A former Cal Poly professor is among the lead team members as NASA prepares to enter a historic orbit Friday morning of a dwarf planet.
The Dawn spacecraft launched in 2007 is studying the largest object in the main asteroid belt between Mars and Jupiter. Scientists believe Ceres was on its way to becoming a full-sized planet... but had its development interrupted by Jupiter's gravity.
An omnibus federal funding bill that is headed to President Obama's desk after passing in both the US Senate and House of Representatives includes $5 million to develop a West Coast earthquake early warning system.
Senator Dianne Feinstein (D-Calif.) says the funding is just a down payment and she wants to see the program fast-tracked before the next major quake strikes.
Scientists at UCSB will soon begin studying how people around the world have responded to the Ebola threat, psychologically. The University's Department of Psychological & Brain Sciences is getting more $128,202 from the National Science Foundation for the project.
Professor David Sherman is working with lead researcher Dr. Heejung Kim on the project and says the goal is to help us understand how and why we respond the way we do.
Twelve years ago, David Rose designed a frosted glass sphere programmed to track any kind of data. He called it the Ambient Orb. Now he provides insight into the promise of tomorrow’s technology in his book, Enchanted Objects.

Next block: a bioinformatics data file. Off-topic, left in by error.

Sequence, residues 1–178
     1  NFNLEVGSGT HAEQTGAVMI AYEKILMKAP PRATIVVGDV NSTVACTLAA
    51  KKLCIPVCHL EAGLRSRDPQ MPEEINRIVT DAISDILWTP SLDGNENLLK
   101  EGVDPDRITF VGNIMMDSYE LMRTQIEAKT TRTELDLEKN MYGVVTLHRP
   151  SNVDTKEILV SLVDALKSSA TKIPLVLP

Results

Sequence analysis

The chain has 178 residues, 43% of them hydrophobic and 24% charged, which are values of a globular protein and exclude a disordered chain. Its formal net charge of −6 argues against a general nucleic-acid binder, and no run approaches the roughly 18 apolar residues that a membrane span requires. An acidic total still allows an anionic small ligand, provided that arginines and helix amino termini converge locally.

A pair of Cal Poly Mechanical Engineering alums are the winners of this year's Tech Pitch competition held last night at the Alex Madonna Expo Center in San Luis Obispo.
It was 22-year-old Justin Russo who gave the presentation for his company's removable LiftGator device designed for pickup trucks. He runs Superior Solutions Manufacturing with fellow Cal Poly grad Marty Affentranger. Their device is a product out of the HotHouse incubator. The Lift Gator makes it easy to load heavy items into truck beds.
Last month a group of Cal Poly students worked to test elements of a high-tech spacecraft they're working on with Stanford University. But, a communications glitch forced a trip back to the drawing board.
On Tuesday night however, the students enjoyed the thrill of success.
Doug Stetson, the LightSail program manager for the Planetary Society, said the test involved, "simulating all of the activities that the spacecraft will conduct when it's on orbit after launch."
The next time you make an angry face, you may be comforted to know that the elements of that face are built into our genetic makeup.
Researchers at UC Santa Barbara in collaboration with Australia's Griffith University have identified the functional advantages behind the face. The findings are in the current edition of the journal Evolution and Human Behavior.
The scientists say every aspect of the angry face—from your mouth up to your eyebrows—is aimed at intimidating your subject. The look has evolved to make you look stronger.